Originally composed by Simon Fisher Turner to accompany an architectural installation by Edmund de Waal, A Quiet Corner in Time has since metamorphised into a fully-fledged collaborative album, released on Mute. Luke Turner reviews.
Simon Fisher Turner has had one of the most colourful and diverse careers of anyone working in music today. A child actor whose dashing looks could have made him a superstar, the gift of a tape recorder from his submariner father set him off on a lifelong fascination with sound and music. Since the early 70s (when an attempt to market him as a teen heartthrob didn’t quite pan out) the perennially youthful Turner has created a faux French pop group called Les Deux Filles, collaborated with Derek Jarman on the soundtracks to films including The Garden and Blue, and written the scores for the BFI’s sumptuous restorations of The Epic Of Everest and The Great White Silence. Anyone who was present when I interviewed Turner on the CBTR stage at the late lamented Port Eliot Festival a few years ago won’t have failed to have been won over by his Tiggerlike enthusiasm for sound and life.
The latest destination for this limitless curiosity is this album of new work created as the sonic compliment to ceramicist and writer Edmund de Waal’s installation One Way Or Another, which was situated at the modernist Schindler House in Los Angeles. Built in 1922 by the Austrian-born architect Rudolf Schindler, the dwelling still looks radical today. Schindler’s concept was that two families could share communal areas, returning to studio spaces to carry out creative work, and sleep in bedrooms made of canvas and redwood on the roof. It’s the sort of building that the uptight and upwardly mobile see in their mind’s eye not long before their Grand Designs dream home disappears into building site mud, debt and divorce.
These are no mere hymnal ditties to de Waal’s vessels, tiles and blocks (in aluminium vitrines suspended from the house’s ceiling) however, but the fruits of a deeply interwoven creative experience. A Quiet Corner In Time is therefore a rich listen, one of those excellent collaborations between artists working in different media in which you don’t need to engage with one to appreciate the other. De Waal’s intent with his intervention into the house was to explore Schindler’s immigrant journey from the grandiosity of 1920s post-Hapsburg Vienna to this blending of concrete and wood on a Californian hilltop. The artist’s own family had been banished from the city by the Nazis, and along with Turner he travelled to the city to explore the spaces – the Opera, the university – that his ancestors and Schindler would have known.
Turner has an ongoing project with the Touch label called Guerrilla, based on snatched recordings that exist in downloadable form only for a short moment in time, and the same instinctive, instantaneous process was used here. I’ve heard Turner play live sets where suddenly the sound of David Bowie appears through the speakers, from a recording that he nabbed from a soundcheck back in the 1970s, and you get a sense of the same cheeky adventure here, reverse graffiti tagging if you will, the recordist absorbing the essence of a place for later creation.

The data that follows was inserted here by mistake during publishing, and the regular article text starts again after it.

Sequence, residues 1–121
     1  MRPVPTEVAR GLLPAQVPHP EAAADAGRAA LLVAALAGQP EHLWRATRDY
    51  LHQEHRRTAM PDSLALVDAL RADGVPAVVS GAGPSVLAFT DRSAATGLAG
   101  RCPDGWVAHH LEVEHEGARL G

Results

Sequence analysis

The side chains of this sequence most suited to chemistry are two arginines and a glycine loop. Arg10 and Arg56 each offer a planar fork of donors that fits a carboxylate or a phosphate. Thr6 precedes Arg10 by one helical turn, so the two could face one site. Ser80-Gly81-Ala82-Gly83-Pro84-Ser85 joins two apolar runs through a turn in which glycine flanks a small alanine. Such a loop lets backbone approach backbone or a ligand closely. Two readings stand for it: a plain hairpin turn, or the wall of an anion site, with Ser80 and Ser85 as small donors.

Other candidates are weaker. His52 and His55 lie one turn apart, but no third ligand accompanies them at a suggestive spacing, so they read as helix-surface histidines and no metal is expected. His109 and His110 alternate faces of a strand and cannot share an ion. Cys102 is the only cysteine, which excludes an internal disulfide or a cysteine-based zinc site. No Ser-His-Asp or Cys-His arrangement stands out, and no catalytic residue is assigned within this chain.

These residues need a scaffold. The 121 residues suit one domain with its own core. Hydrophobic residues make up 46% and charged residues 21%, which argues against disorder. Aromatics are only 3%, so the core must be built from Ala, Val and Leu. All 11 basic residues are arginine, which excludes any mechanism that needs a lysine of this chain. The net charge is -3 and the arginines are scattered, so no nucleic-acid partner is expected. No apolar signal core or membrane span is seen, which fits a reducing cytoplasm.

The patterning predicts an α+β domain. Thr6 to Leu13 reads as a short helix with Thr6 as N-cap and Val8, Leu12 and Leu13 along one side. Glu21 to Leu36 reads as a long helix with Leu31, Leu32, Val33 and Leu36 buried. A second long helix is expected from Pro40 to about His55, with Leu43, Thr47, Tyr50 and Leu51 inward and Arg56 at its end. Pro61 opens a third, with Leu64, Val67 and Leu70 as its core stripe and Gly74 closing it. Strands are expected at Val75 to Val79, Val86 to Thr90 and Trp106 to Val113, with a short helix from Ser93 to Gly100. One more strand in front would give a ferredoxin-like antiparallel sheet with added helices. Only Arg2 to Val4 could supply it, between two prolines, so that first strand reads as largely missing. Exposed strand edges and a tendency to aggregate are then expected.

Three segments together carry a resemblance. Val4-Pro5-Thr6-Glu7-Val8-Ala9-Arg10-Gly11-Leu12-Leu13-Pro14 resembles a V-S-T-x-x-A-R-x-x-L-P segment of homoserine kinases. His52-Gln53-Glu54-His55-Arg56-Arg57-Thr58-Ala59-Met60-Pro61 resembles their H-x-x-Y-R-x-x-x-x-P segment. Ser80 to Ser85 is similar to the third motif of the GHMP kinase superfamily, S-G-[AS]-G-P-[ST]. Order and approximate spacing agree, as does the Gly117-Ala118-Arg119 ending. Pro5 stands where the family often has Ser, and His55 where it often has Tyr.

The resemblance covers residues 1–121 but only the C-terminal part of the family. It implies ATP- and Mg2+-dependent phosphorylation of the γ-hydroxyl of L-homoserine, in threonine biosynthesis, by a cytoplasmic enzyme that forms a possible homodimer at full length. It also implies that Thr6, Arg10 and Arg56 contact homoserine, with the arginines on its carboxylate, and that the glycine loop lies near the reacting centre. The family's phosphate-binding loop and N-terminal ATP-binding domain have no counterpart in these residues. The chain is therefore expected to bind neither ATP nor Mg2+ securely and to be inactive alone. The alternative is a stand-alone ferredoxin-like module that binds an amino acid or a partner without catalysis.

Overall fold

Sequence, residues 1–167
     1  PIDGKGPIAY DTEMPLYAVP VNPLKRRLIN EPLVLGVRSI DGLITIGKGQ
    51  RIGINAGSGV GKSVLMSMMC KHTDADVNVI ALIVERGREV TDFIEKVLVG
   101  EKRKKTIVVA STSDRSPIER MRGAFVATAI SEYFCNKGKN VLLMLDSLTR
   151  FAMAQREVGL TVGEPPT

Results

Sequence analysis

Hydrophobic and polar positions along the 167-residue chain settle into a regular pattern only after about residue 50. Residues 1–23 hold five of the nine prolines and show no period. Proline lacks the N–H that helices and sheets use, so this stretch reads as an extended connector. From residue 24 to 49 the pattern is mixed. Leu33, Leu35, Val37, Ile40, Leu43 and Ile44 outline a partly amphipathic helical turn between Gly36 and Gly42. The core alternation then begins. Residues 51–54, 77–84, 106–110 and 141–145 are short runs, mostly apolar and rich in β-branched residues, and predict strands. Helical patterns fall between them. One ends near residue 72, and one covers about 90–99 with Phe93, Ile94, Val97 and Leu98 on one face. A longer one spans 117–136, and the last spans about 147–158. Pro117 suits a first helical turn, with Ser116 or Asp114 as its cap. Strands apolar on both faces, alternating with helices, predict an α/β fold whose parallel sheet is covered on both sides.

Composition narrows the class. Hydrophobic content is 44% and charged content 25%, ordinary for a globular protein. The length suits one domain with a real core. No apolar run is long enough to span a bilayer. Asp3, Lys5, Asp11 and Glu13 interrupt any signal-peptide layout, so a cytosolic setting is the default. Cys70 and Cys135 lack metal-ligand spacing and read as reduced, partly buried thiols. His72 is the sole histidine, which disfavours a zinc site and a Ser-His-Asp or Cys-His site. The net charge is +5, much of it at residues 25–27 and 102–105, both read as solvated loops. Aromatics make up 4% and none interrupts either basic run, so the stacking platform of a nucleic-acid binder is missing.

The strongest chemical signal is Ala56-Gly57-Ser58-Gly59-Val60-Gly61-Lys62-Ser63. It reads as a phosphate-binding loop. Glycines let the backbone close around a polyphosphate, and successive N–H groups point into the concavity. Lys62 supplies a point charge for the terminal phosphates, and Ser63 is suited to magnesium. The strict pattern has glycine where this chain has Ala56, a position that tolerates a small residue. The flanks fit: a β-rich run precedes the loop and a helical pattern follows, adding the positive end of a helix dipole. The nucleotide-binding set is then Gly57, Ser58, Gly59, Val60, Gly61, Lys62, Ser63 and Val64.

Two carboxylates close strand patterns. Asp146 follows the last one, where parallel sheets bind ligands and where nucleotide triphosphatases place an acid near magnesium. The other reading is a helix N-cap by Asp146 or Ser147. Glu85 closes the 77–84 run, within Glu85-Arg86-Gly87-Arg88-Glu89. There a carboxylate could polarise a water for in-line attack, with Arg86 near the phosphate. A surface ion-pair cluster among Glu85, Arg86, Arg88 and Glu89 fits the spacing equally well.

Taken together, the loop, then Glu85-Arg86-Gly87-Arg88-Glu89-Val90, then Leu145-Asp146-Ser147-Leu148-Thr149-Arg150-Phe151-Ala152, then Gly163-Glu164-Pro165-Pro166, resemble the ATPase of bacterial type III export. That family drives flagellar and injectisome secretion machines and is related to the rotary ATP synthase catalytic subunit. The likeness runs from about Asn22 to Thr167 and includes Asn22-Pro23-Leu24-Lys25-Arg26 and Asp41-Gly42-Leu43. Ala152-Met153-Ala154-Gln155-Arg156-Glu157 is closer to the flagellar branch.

The resulting album is a collage of Vienna and California, sounds inside and out, synthetic and natural, harsh and warm. The record opens with the crash of an opening door, footsteps walking down a long corridor. Is this the Schindler house, or an echo of a Viennese memory? This feeling of temporal and physical displacement continues throughout – that opening track, ‘The Museum With Long Halls’, has a rhythm and melody distant, as if you were trying to find a performance at a electronic music festival held in some grandiose European theatre. Other moments are hollow melodic washes like an eddy of the breeze trapped in some old corner, burbling fussy digital notes. The title track is entirely simple, a call and response between a resinous drone, rattles that might be pot on concrete, an aircraft flying over. Eventually, there’s a clopping sound, as if a horse were trotting past. It takes you somewhere, but it doesn’t necessarily take you there.
Without the constraints imposed by soundtracking the moving images of a documentary made nearly a century ago, this is Turner’s most freeform and expansive work in years. There are certainly echoes of his finest moments with Jarman here too. A Quiet Corner In Time doesn’t try to capture de Waal’s installation, or the Schindler House itself, but is a reflective and diverse meditation on how we imbue physical spaces with meaning, their impact on our imaginations, and the reward we get from them.
A Quiet Corner in Time is out now and available to buy here from the Mute shop.